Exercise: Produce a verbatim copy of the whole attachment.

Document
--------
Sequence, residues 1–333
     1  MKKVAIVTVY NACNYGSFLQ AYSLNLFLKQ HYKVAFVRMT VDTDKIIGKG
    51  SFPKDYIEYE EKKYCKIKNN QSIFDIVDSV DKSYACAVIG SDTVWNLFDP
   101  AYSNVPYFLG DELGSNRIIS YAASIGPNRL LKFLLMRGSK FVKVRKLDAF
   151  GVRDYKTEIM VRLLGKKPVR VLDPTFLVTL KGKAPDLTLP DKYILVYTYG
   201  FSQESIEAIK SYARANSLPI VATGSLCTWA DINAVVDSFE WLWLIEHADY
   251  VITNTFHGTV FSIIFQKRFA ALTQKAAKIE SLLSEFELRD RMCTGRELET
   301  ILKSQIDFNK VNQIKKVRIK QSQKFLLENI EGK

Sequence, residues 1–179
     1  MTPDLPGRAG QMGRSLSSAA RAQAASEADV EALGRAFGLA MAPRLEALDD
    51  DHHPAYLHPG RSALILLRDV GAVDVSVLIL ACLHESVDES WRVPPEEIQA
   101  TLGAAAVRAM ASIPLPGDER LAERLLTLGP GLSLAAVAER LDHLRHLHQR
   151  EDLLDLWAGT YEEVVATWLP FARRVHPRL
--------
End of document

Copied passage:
Sequence, residues 1–333
     1  MKKVAIVTVY NACNYGSFLQ AYSLNLFLKQ HYKVAFVRMT VDTDKIIGKG
    51  SFPKDYIEYE EKKYCKIKNN QSIFDIVDSV DKSYACAVIG SDTVWNLFDP
   101  AYSNVPYFLG DELGSNRIIS YAASIGPNRL LKFLLMRGSK FVKVRKLDAF
   151  GVRDYKTEIM VRLLGKKPVR VLDPTFLVTL KGKAPDLTLP DKYILVYTYG
   201  FSQESIEAIK SYARANSLPI VATGSLCTWA DINAVVDSFE WLWLIEHADY
   251  VITNTFHGTV FSIIFQKRFA ALTQKAAKIE SLLSEFELRD RMCTGRELET
   301  ILKSQIDFNK VNQIKKVRIK QSQKFLLENI EGK

Sequence, residues 1–179
     1  MTPDLPGRAG QMGRSLSSAA RAQAASEADV EALGRAFGLA MAPRLEALDD
    51  DHHPAYLHPG RSALILLRDV GAVDVSVLIL ACLHESVDES WRVPPEEIQA
   101  TLGAAAVRAM ASIPLPGDER LAERLLTLGP GLSLAAVAER LDHLRHLHQR
   151  EDLLDLWAGT YEEVVATWLP FARRVHPRL